12 Go-To-Market (GTM) Metrics You Should Track for SaaS
What GTM metrics should you track as a product marketer? And how?
On your way to building a go-to-market strategy to launch a new product, you might wonder the former question a lot. And with so many indicators you could be tracking, it’s easy to feel overwhelmed.
That’s why we’re going to show you 12 of the most important product analytics metrics that you’ll need in order to measure your product success.
So, let’s start with the basics:
- A Go-To-Market (GTM) strategy is an action plan that outlines the time, the place, the positioning, the audience, and the goal of a new product or service.
- The main parts of a GTM strategy involve understanding the target audience, shaping an effective value proposition, establishing effective distribution channels, and comprehending the competitive landscape.
- GTM metrics are pieces of data or indicators that help product marketers like you keep track of the success of their strategy. They can reveal customer interactions, patterns, and preferences.
- There are 12 essential GTM metrics that every SaaS should know about:
- New user growth rate. Represents the speed at which your customer base increases over a specific period.
- Customer acquisition cost. The total expense of bringing a new customer on board.
- Customer churn rate. The percentage of subscribers who discontinue their subscriptions within a given time period.
- Customer lifetime value. The total revenue a company can expect from a single customer over the course of their relationship.
- Customer activation rate. The percentage of new users who accomplish a significant action within your product during a specific time frame.
- Monthly and annual recurring revenue. The consistent and predictable revenue a company can expect to receive over a period of time, either monthly (MRR) or annual (ARR).
- Number of qualified leads. Leads who meet some criteria that make them more likely to become customers. They can either be marketing-qualified leads (MQLs), sales-qualified leads (SQLs), or product-qualified leads (PQLs).
- Net Promoter Score. Gauges customer satisfaction and loyalty by asking users how likely they are to recommend your product to a friend or colleague.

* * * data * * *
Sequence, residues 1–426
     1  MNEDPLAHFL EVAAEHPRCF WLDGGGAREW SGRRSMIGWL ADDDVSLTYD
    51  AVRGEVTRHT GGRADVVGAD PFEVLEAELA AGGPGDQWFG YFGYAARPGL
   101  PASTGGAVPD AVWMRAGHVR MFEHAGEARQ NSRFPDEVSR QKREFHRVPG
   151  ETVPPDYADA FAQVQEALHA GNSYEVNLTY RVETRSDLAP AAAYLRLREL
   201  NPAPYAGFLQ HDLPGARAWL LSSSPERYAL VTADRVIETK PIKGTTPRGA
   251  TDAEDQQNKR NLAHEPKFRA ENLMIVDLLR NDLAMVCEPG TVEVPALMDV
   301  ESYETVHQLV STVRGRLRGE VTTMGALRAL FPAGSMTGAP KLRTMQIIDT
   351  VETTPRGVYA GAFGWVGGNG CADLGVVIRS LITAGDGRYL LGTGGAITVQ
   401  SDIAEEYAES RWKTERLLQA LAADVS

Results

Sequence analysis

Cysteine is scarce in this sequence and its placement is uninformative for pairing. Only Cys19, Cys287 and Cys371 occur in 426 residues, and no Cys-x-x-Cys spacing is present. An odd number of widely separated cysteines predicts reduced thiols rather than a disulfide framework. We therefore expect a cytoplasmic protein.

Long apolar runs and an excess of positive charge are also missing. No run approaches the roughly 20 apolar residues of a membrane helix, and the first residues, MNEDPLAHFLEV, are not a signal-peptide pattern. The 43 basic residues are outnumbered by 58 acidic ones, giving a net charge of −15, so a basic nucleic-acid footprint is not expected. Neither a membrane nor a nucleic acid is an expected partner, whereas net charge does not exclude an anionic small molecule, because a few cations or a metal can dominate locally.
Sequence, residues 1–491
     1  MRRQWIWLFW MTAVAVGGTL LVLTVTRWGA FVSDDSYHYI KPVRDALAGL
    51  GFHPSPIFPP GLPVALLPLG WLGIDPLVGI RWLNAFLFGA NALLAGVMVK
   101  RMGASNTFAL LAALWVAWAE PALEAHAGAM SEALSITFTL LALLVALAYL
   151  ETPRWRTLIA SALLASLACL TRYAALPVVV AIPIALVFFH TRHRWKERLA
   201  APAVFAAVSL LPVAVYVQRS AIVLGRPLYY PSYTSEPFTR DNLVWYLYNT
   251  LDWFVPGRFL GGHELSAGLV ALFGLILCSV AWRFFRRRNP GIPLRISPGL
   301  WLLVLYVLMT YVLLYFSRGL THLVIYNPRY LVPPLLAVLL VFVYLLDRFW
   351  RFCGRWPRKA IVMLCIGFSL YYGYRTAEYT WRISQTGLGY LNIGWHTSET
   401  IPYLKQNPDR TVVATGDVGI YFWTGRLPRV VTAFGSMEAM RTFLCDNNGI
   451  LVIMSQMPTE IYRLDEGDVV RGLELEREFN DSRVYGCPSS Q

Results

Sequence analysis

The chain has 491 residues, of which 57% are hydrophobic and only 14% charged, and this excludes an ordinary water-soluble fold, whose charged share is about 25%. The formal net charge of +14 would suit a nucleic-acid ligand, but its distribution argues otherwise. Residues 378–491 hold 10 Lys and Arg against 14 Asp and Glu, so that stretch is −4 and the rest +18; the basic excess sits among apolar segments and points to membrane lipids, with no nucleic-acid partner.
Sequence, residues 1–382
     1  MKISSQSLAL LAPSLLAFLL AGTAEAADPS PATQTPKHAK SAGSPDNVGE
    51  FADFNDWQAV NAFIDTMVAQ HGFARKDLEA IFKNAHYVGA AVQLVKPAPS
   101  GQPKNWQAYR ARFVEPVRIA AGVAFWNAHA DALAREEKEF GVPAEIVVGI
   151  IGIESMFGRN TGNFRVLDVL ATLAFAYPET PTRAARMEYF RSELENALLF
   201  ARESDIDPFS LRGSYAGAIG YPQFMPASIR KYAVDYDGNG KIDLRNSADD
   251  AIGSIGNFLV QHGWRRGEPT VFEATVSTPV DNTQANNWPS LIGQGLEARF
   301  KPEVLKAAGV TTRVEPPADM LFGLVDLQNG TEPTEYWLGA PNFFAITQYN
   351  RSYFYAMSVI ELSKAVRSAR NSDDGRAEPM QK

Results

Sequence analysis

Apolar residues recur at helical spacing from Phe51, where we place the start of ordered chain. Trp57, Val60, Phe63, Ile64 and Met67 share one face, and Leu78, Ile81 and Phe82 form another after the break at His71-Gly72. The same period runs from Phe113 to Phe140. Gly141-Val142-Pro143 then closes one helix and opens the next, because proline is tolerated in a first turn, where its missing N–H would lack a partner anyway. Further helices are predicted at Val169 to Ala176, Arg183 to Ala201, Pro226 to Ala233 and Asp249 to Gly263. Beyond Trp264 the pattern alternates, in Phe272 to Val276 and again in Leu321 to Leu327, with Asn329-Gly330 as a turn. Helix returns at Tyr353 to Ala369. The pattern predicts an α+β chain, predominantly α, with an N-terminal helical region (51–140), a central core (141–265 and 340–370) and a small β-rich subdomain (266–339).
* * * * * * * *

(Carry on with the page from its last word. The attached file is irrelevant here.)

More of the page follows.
- Demo bookings. The number of people who are interested in your product or service enough to schedule a demo.
- Website traffic. The number of visitors frequenting your site, and is a basic metric that every business should track to know the impact of GTM strategies. It can be organic or non-organic.
- Support tickets. Documented customer queries, issues, or needs related to your product.
- Return on ad spend. The profitability of your advertising expenditure provides a clear picture of the effectiveness of your ad campaigns.
- Since you need a reliable platform to track any relevant data, why not book a Userpilot demo to see how you can keep track of your GTM strategy performance?
What is a go-to-market strategy?
A Go-To-Market (GTM) strategy is an action plan that outlines the time, the place, the positioning, the audience, and the goal of a new product or service. It involves identifying your unique selling proposition, target customer segment, sales and marketing strategies, and competitive analysis.
While there is an overlap, a GTM strategy differs from a marketing strategy and a product strategy in its scope. This is because a GTM strategy is strictly focused on product launches and campaigns and involves both product and marketing strategies in order to release a successful product that meets the market demands.
What are the main parts of a GTM strategy?
From defining a unique value proposition to outlining the key performance indicators (KPIs), each component of your GTM strategy will directly impact the success of a product. So, let’s break down what your strategy document should include:
- Objectives and Key Results (OKRs): Where objectives are measurable goals, key results are the effect of the process used to meet these goals. It acts as a framework to set, implement, and monitor progress towards your GTM goals.
- Unique Value Proposition: Your brand’s competitive advantage that distinguishes your product or service from the competition. Its goal is to reveal the value customers receive for the money paid.
- Target Market and Audience: This is the people your product is designed for. Make sure to create data-backed user personas to understand how your product meets their needs and JTBDs.
- Marketing and Sales Plan: A robust plan detailing how you’re going to reach out and attract customers, including channels, messaging, campaigns, and tasks.
- Key Performance Indicators (KPIs): These measure the effectiveness and performance of your actions at achieving a key result.